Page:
The Royal Melbourne Institute of Technology, more commonly known as RMIT University, has launched a new AU$30 million research facility which the university hopes will drive some major advancements in both microtechnology and nanotechnology.
Called the MicroNano Research Facility (MNRF), it will house what the university claims is the “world’s first” rapid 3D nanoscale printer and will support projects in the areas of engineering, physics, chemistry, biology, and medicine.
According to RMIT University, the MNRF will also provide dozens of cutting-edge tools, such as focused ion beam lithography with helium, neon, and gallium beams to enable imaging and machining of objects to 0.5nm resolution.
Professor James Friend, director at the MNRF, says that ten research teams will be working at the new facility on a variety of projects, such as building miniature motors to retrieve blood clots from deep within the brain. This will make it far easier for surgeons to perform procedures on patients who have been affected by strokes or aneurysms.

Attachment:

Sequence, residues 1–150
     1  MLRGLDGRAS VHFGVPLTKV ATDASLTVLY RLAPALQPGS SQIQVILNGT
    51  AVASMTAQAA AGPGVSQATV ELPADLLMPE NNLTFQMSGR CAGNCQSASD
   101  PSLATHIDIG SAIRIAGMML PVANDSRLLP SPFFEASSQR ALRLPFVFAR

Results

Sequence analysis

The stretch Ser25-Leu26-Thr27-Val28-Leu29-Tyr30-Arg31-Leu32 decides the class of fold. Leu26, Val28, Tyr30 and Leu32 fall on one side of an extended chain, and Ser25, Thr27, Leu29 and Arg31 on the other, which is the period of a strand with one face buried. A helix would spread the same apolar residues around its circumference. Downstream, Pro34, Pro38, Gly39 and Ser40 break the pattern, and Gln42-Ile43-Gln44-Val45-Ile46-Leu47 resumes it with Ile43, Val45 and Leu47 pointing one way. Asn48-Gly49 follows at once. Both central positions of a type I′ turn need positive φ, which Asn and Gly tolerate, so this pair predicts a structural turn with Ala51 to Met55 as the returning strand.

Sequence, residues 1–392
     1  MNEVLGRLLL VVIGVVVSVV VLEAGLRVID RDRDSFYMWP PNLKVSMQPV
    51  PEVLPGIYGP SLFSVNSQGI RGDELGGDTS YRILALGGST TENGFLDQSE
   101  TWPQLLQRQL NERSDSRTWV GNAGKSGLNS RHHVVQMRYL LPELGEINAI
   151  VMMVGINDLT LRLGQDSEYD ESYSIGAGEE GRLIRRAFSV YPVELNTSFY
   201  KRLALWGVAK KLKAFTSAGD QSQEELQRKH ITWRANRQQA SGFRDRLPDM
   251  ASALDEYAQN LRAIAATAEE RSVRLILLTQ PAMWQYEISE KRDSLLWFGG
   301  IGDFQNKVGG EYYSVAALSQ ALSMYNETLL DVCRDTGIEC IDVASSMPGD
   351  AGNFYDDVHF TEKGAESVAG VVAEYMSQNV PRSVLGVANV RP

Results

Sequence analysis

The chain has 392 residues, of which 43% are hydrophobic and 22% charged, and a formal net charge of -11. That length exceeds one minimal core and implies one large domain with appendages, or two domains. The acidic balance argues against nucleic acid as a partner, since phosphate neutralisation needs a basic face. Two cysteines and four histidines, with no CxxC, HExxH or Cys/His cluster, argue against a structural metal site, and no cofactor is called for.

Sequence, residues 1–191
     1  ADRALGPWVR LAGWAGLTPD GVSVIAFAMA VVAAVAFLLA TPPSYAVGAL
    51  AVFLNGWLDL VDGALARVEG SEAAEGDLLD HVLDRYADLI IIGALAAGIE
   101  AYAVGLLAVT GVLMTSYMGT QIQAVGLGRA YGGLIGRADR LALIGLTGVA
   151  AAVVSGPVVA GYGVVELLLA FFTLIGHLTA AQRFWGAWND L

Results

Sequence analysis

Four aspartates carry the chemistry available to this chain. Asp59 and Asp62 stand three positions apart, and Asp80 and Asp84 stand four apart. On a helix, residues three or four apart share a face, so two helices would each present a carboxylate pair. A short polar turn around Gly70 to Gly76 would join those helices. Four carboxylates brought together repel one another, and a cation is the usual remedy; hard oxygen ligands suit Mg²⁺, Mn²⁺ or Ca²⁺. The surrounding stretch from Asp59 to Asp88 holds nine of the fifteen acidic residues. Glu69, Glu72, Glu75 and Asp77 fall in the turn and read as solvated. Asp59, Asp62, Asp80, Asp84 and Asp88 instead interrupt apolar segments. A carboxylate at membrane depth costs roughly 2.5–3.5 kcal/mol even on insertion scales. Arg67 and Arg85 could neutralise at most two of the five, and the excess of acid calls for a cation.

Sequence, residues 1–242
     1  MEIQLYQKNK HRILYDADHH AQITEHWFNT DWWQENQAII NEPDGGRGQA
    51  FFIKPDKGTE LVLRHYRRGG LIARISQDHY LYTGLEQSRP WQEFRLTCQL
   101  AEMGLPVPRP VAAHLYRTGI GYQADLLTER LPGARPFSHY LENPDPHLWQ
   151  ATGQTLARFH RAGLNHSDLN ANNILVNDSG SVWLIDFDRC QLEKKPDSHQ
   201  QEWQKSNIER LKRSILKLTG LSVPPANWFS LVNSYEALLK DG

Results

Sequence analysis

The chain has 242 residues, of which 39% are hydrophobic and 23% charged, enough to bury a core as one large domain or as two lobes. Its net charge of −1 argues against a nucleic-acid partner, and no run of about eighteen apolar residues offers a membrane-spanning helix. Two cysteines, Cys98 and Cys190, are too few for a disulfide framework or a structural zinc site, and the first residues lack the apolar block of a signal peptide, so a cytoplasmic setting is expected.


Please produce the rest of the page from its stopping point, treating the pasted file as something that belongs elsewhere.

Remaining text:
The teams also hopes to improve the process of drug delivery through the lungs by using techniques which can atomize large biomolecules – such as drugs, DNA, antibodies, and cells – into miniscule droplets.
Professor Margaret Gardner, the vice-chancellor of RMIT University, says that the facility is bringing numerous disparate disciplines together in order to enable internationally-leading research activity.
“At the heart of the MicroNano Research Facility’s mission is bringing together disparate disciplines to enable internationally leading research activity,” said Professor Gardner. “RMIT has long been a pioneer in this field, opening Australia’s first academic clean rooms at the Microelectronics and Materials Technology Centre in 1983.”
Read more about the story at ZDNet.
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